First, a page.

While the focus of the Vancouver Mural Festival is still on walls covered with paint, the 2022 edition will see a wide variety of shows and activities, ranging from acrobats to drag queens.
The festival released its full list of events on June 22 with 11 days of programming, much of which is based around the City Centre Artist Lodge, formerly the City Centre Motel in Mount Pleasant.
"Vancouver Mural Festival will host daily mural tours, public talks, daily live performances at the all-new City Centre Festival Hub, plus a spectacular all-ages festival-closing street party in downtown Vancouver," say organizers.
Among the highlights is the free Circus and Flow Show, on day one (Aug. 4). The variety show will feature acrobats and circus performers of all sorts, with performers like Erotikclown and Flowin Owen. It'll in fact be two shows, with one at 6 p.m. and a second at 8 p.m.
Over the following days there'll be at least one in-person event per day at the City Centre site, with dance battles on Aug. 6, a drag brunch on Aug. 7, and a live art battle and art market on Aug. 9.
Things will wrap up with a street party on Granville Street in the city's core, between Smithe and Helmcken streets on Aug. 14.
"The free street party features a full day of live music, DJs, drag, dancers, kids' activities, live painters, market and more," say organizers online.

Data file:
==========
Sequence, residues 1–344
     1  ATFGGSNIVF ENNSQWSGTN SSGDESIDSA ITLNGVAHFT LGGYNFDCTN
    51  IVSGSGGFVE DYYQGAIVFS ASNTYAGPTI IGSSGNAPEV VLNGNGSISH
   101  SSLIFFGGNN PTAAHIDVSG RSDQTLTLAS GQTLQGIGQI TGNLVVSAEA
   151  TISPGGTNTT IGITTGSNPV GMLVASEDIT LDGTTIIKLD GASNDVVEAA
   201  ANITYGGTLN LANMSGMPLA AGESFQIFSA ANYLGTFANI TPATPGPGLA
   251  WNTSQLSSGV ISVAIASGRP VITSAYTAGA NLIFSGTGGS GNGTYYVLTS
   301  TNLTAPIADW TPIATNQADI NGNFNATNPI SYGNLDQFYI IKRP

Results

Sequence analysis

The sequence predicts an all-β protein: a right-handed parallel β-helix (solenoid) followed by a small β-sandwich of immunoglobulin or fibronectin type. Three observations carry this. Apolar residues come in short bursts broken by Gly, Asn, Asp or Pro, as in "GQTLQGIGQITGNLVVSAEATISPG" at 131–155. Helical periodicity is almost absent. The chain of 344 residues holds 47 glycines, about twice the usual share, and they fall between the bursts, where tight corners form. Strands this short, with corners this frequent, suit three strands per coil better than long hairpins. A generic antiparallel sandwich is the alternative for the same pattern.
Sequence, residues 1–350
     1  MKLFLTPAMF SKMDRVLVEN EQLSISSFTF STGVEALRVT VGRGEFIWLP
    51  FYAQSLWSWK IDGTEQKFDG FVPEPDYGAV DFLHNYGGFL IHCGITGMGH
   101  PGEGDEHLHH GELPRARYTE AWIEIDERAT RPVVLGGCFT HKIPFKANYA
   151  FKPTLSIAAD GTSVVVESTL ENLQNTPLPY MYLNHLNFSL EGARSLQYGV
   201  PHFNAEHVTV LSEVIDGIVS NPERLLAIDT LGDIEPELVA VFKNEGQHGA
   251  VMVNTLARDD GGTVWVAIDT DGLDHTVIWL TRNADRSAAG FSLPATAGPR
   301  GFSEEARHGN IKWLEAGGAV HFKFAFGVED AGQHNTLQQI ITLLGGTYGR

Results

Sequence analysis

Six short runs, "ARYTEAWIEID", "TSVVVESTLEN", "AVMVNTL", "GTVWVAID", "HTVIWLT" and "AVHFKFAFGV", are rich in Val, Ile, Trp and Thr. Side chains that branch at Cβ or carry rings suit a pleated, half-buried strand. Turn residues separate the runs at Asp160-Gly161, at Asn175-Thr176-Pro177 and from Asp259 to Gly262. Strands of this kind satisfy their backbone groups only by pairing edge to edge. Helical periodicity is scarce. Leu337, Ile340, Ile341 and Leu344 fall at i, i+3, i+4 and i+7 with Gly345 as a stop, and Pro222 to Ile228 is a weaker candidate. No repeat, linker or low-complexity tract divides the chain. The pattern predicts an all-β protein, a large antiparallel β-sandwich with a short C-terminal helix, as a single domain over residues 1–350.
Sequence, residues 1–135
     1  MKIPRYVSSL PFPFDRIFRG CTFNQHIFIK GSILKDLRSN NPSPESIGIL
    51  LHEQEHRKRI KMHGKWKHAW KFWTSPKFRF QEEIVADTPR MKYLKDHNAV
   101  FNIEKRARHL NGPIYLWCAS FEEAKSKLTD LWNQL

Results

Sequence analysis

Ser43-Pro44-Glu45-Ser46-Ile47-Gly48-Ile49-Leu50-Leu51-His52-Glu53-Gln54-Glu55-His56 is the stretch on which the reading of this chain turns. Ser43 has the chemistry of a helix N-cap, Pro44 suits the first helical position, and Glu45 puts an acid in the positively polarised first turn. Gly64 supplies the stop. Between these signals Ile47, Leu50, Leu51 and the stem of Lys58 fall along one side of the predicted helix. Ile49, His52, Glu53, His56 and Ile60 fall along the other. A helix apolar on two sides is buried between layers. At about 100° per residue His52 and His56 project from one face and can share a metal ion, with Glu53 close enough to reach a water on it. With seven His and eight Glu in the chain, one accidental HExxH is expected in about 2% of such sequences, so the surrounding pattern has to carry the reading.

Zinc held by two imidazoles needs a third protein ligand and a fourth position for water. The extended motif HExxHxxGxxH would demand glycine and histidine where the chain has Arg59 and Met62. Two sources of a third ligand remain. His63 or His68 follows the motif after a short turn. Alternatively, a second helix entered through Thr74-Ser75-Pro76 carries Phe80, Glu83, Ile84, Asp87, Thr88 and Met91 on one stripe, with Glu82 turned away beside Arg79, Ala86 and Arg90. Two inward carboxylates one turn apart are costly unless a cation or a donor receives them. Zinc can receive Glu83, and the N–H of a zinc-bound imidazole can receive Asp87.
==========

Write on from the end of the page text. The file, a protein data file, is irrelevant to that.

Along with the events, there'll be plenty for fans of the visual arts. Along with more than 30 murals that'll be unveiled over the event, created by 50 artists, there will be tours to see the new artwork, along with pieces that were created previously.
"Guided walking tours in Mount Pleasant and Strathcona will be led by DeTours, while five new tours in Downtown, West End, Cambie Village, Marpole and River District will be offered by Curated Tastes," say organizers.
There's also an app you can download to tour around on your own time.
Among this year's art projects are some unique works. In one case, Musqueam artist Debra Sparrow will be working with Squamish and Tsleil-Watuth weavers to create a mural; it's part of Sparrow and the VMF's Blanketing The City series, which sees local indigenous weaving designs applied to city walls.
This year also sees the VMF working to increase accessibility to the festival's art.
"This year, the focus is on supporting access and removing barriers for folks experiencing Low-Vision and Blindness, Neurodiverse folks and those living with disabilities," state organizers.
To that end, they're working to create crowd-sourced description event with VocalEYE, a local organization that works to provide descriptions of art around the city for people who find it difficult to see.
There are also going to be four temporary mural installations made by artists with disabilities who've gone through a workshop process.